The Professional Basketball Combine (PBC), founded by Valencia basketball alumnus Jake Kelfer, concluded its two-day stint at the Mamba Sports Academy in Thousand Oaks on Wednesday.
Kelfer had a clear vision when he created the PBC in 2017, giving professional basketball hopefuls an opportunity to showcase their talents in front of NBA scouts, overseas scouts and G League personnel.
Now in his third year running the PBC, Kelfer is pleased with the growth the secondary combine has shown in such a short amount of time.
“It grows every year and we’re grateful for the growth and opportunity. At the end of the day it comes down to, are we providing the players with a platform to increase their chance of making the NBA or signing a big deal overseas or getting to the next step in their basketball journey,” Kelfer said. “It’s going to keep growing. People know about it, people talk about it, and it works.”
Wednesday’s group consisted of 12 players from across the country, split into two separate groups of six. The players took part in drills, fitness testing and scrimmages.
The morning workouts started with a 15-minute stretch, followed by a max jump rebounding drill and a 3-point shooting drill where players were coming off of screens on the perimeter.
It was followed by a 3-on-3 scrimmage, as the attendees did their best to impress a handful of professional scouts watching from the sidelines.
One of those players, Ty Cockfield of Arkansas State, was ecstatic for the opportunity to participate at the PBC. His enthusiasm was noticeable on the court as he cheered on his fellow players and brought a high-level of energy.
“It’s a blessing, this is something that every kid here dreamed about growing up,” Cockfield said. “We want to work hard and get in one of these combines, this is great for us. They created the PBC for us and it’s a great opportunity.”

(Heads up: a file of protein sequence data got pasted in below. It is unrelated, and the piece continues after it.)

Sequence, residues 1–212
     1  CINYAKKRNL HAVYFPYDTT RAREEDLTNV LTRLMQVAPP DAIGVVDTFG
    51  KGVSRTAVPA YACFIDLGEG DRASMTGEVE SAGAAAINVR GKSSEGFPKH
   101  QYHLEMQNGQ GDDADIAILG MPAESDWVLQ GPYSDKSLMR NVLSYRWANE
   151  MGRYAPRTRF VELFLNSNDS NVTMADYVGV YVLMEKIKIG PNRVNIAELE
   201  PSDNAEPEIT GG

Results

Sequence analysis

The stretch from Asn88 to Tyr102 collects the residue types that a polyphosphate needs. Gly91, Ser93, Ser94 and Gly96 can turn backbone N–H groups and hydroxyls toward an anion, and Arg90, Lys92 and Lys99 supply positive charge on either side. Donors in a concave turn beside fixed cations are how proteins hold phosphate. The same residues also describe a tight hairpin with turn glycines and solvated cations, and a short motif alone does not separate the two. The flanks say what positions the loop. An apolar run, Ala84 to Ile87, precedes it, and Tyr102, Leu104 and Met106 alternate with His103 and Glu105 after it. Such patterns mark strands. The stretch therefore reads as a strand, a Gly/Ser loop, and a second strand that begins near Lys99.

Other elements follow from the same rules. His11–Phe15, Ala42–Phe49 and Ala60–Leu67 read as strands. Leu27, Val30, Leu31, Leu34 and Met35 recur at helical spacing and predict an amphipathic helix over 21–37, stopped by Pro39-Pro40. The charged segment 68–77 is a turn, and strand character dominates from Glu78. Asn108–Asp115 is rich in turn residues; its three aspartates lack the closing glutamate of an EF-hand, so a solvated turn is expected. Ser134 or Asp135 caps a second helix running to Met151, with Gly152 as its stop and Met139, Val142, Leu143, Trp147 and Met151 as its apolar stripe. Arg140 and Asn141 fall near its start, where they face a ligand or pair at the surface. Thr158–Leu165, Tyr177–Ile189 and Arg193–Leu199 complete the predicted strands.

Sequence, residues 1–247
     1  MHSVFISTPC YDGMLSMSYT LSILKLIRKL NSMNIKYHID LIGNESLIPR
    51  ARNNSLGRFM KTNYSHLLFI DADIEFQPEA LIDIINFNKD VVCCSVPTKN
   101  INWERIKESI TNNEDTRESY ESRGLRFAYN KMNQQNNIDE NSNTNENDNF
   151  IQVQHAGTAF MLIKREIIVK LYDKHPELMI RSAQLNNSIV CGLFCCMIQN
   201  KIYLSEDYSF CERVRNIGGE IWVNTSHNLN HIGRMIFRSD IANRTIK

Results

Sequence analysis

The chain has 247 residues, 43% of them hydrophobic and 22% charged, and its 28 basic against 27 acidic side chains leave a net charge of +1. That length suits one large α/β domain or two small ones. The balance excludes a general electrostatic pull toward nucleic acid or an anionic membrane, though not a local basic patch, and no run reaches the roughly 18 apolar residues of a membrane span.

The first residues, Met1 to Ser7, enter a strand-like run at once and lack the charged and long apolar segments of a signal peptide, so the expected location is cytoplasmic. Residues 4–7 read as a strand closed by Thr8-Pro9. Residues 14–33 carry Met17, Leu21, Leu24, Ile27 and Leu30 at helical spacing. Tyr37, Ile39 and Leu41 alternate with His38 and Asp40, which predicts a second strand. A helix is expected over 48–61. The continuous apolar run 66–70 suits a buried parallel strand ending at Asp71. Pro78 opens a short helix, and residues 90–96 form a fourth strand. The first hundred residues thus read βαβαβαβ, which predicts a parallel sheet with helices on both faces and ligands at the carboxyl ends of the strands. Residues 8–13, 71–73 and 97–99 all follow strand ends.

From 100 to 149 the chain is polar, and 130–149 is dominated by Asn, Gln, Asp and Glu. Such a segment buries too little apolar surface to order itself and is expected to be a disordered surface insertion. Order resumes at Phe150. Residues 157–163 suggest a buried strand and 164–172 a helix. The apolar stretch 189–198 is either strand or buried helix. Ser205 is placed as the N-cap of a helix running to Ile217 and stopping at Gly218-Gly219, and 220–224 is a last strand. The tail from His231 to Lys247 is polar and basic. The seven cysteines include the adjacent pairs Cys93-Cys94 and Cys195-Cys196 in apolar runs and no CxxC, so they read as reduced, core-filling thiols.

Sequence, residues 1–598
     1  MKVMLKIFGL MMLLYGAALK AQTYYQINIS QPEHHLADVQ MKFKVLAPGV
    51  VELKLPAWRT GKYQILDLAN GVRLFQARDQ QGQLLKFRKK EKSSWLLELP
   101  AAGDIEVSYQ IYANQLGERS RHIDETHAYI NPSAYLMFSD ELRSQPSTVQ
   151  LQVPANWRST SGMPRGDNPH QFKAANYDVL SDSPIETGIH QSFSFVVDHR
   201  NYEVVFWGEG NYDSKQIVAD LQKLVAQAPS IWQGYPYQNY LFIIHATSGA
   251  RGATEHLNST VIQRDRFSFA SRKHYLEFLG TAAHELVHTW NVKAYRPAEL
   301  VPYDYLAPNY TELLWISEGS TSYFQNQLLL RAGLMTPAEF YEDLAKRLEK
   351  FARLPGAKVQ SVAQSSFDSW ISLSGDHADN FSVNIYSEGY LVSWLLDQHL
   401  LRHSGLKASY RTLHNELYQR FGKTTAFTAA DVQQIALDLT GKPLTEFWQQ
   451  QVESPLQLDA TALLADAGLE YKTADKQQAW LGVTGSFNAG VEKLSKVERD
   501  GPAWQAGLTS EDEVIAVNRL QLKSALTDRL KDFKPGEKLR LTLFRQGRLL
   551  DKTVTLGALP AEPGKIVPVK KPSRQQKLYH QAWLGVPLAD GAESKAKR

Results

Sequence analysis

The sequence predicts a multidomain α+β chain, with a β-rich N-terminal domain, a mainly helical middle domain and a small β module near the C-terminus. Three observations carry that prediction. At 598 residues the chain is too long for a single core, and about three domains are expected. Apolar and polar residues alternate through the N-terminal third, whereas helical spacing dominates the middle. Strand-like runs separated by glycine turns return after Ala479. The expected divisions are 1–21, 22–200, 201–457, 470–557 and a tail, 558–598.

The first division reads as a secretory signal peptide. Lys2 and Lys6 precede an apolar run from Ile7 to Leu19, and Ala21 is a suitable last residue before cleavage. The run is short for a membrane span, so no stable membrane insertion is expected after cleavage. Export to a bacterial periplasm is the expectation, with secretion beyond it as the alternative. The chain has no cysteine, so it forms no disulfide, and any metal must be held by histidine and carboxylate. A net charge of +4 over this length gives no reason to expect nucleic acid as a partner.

Paul White, a senior from the University of Oregon, echoed Cockfield’s sentiment.
White and his fellow participants are hoping that the PBC will provide them an opportunity to turn some heads and get an invite to an NBA Summer League team. If a player makes a Summer League squad, he then has a chance to attend an NBA training camp with the hopes of making the final roster before the start of the regular season.
“I think what they got going on here at PBC is something special. It’s a bunch of guys that are in the same boat, that are in the same conversation looking for an opportunity or door to walk through,” White said. “If one of us makes it, it feels like we all can make it. So if one of us does well here, who is to say that the next man can’t do well.”
One former NBA player on hand to scout the combine was Anthony Parker. The nine-year NBA veteran is the General Manager of the Lakeland Magic, the Orlando Magic G League affiliate.
Parker was selected in the 1997 NBA Draft, but couldn’t breakthrough after three seasons in the league and eventually went overseas to play in Israel and Italy.
He became one of Europe’s top players, winning the EuroLeague MVP twice and found himself back in the NBA in 2006 where he played an additional six years.
Parker’s unorthodox route to the NBA is a path that some of the PBC participants could find themselves taking.
“The tendency to look to your left and right and want to compare your situation to what another guy is doing or the success another guy has on draft night, but you just have to keep going because you never know how it’ll turn out,” Parker said. “My story is a perfect example of that.”
While the players worked hard on the court, they also took some time to enjoy the Los Angeles scenery.
“I’ve been able to soak up a lot of the vibes down here, it’s beautiful,” White said. “It’s like paradise, it’s a beautiful place to be.”
“This was a beautiful experience, especially the Mamba Sports Academy,” Cockfield said. “Just a great opportunity and I’m blessed to be here.”
Kelfer is hoping that bringing the PBC to Los Angeles, after being held at the IMG Academy in Bradenton, Florida the past two years, will attract more eyes to the hoops hotbed in Southern California.
The Valencia grad acknowledged that baseball and football produce the most professional athletes from the Santa Clarita Valley, but believes that the PBC could bring more attention to the local hoopers.
“When I played I was fortunate to play with Lonnie Jackson, who is one of the best players to ever come through the Santa Clarita Valley,” Kelfer said. “Baseball and football we produce. A lot of my friends are in the league, Keston Hiura just got promoted. In terms of basketball, it depends on where people are coming from. Ultimately we just have to keep playing well and performing in the playoffs with whatever teams we have.”